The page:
**Formalize the math.** Because I’m working with adults, I gave the math a brief treatment here. In general, act three is where the math is formalized and consolidated. Conflicting ideas are brought together and reconciled. Formal mathematical vocabulary is introduced.

**Title the lesson**. Lately, taking inspiration from this Japanese classroom, I ask students to provide a title that will summarize the entire lesson. Then I offer my own.

All of this happens at the end of the lesson, not the start. I’m not defining vocabulary at the start of the lesson and I’m not greeting students at the start of class with an objective on the board. Those moves make it harder for students to access the lesson, lofting interesting mathematics high up on the ladder of abstraction.

**Homework**

Here’s my best guess how this kind of task would look in a print-based textbook. How does it differ from the task I did in Cambridge? Try to resist easy qualifiers like, “It’s more boring,” etc. *How* is it more boring? How is the math different? What are the downsides? What are the upsides? (I can think of at least one.)

**Your Analysis**

What did you see in that clip that I didn’t talk about here? What was missing? What would you add? What would you have done differently?

**Featured Comments**

As soon as I know I have all the data, the exploring side of my brain just checks out. I go straight to my brains list of formulas and start looking for ones that will fit together to solve the problem. When I don’t have the numbers yet, I can almost feel synapses firing all over my brain.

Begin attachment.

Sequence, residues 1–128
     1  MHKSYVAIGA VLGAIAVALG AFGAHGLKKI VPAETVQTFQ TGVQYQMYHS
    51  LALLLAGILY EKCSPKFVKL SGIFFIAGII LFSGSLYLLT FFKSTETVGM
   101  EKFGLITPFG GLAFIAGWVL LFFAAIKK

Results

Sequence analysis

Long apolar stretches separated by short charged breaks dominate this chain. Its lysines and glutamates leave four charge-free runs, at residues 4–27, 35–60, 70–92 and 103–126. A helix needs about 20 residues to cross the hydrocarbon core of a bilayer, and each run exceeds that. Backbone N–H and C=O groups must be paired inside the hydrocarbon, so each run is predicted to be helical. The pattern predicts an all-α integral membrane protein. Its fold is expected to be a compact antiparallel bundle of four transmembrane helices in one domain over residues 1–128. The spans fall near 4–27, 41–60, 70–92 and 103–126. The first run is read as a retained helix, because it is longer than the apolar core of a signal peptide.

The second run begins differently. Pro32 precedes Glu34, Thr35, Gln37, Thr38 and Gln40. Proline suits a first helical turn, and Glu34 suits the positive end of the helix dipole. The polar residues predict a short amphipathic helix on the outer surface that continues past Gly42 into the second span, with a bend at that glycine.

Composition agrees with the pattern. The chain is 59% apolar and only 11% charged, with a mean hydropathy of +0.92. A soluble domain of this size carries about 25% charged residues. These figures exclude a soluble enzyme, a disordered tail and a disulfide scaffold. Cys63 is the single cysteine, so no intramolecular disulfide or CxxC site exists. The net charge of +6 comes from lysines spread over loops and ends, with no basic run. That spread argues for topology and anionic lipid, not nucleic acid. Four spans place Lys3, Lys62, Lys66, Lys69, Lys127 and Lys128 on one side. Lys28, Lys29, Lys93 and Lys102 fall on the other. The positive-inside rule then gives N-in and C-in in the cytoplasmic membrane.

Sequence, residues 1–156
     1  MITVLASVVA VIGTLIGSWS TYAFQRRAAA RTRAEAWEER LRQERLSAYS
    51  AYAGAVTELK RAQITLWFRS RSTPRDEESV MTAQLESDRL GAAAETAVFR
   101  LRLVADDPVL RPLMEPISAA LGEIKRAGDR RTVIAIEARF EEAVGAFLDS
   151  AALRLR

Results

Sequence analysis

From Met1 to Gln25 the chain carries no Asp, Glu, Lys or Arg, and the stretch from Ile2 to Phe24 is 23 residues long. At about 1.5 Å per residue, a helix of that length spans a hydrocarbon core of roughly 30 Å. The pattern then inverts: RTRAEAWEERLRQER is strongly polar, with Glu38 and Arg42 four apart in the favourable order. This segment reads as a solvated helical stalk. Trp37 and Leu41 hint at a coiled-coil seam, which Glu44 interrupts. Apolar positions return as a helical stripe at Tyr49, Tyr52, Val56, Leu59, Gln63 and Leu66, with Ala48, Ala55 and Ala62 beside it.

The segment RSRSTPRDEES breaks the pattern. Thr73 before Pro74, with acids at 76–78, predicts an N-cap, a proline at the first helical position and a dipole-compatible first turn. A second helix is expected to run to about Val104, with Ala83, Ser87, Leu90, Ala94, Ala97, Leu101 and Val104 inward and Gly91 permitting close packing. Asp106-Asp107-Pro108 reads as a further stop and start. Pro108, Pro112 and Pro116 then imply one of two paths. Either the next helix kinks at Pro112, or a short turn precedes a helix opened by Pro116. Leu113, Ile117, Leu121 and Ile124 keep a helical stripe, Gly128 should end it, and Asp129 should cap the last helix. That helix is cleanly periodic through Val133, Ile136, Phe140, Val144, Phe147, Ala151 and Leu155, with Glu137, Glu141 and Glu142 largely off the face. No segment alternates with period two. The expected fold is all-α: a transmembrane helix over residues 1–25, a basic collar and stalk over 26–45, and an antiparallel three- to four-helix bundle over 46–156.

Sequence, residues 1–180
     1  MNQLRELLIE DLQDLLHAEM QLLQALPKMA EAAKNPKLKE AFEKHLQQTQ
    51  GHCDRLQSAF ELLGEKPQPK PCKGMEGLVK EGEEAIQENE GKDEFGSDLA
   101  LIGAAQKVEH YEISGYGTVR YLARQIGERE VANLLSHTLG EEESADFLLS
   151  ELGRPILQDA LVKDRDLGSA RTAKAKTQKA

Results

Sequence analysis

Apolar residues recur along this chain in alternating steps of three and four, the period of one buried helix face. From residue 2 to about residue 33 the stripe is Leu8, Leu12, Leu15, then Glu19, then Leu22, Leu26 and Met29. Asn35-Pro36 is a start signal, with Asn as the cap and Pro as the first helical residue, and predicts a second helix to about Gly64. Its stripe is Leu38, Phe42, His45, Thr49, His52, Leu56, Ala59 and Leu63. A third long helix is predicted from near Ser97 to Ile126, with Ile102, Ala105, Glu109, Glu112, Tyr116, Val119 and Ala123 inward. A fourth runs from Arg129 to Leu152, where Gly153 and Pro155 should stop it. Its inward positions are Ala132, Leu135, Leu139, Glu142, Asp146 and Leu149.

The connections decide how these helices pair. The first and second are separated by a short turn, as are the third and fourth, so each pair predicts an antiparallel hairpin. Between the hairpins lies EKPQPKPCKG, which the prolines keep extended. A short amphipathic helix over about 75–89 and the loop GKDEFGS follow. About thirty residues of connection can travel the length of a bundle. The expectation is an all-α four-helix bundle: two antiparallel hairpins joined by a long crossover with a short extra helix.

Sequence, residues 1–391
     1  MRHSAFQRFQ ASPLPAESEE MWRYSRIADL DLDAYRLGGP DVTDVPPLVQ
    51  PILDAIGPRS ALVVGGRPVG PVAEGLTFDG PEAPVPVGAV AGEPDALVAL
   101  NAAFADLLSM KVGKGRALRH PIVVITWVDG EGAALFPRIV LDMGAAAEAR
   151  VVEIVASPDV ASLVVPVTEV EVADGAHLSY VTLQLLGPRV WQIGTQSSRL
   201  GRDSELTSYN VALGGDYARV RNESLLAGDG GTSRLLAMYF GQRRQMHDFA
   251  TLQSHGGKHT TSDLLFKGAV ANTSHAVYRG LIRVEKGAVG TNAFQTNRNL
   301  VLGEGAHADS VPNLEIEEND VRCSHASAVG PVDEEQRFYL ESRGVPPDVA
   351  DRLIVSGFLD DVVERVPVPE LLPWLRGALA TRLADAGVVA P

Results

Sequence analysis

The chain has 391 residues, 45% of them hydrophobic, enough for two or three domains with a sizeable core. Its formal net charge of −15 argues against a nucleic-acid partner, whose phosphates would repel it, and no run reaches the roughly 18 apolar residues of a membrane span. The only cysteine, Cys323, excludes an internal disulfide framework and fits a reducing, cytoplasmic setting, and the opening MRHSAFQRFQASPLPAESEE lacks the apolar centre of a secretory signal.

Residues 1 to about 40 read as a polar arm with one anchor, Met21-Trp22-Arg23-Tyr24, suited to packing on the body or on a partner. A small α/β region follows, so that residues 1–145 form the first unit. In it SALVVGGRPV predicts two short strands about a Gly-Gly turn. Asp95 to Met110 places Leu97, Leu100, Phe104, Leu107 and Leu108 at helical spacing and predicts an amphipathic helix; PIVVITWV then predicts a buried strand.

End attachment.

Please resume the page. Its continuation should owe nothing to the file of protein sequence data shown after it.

That first sentence is sure a doozy. “A pyramid is made out of layers of stacks of pennies.” If you have a picture of what that means, then sure, it makes sense, but if you don’t, it doesn’t exactly give you a lot of clarification about what it means.

**2013 May 25**. James Key has created a nice visual proof of the formula for the sum of squares.

## 20 Comments

## David Wees

May 14, 2013 - 7:10 amExcellent summary of what your lesson, thank you.

I think your textbook version of the problem is missing something like “the formula for finding the sum of a sequence of square numbers is S = n(n+1)(2n+1)/6.” For whatever reason, the formula for finding the sum of a sequence of square numbers is typically not done, at least in any of the units on sequences I’ve been told to do (I always include some discussion of it anyway), and so a textbook author might be compelled to include it, forgetting all about the Internet… and/or spreadsheets.

## Karl Fisch

May 14, 2013 - 8:19 amTwo quick thoughts for now (have to go help with an AP French exam . . .)

1. Your answer to “why do it” was both interesting and disappointing to me. It was interesting because I was interested in why the person originally did it. It was disappointing because my interpretation of “why do it” was from the perspective of a student asking about the task – “why do I want to calculate this number?” That didn’t get addressed. Would your answer be just because it’s inherently interesting, or because humans are curious, or what, exactly?

2. I hate to always go back to this, but where does this fit in a curriculum? Would you use this when learning about sequences? Summation? Or do you think that where you place it is irrelevant, you would just use it because it’s good? (Just struggling as a teacher of one Algebra one section trying to figure out how to incorporate the amazing stuff you do in a very limited amount of time with kids, and with a not-so-limited amount of curriculum to “cover.”)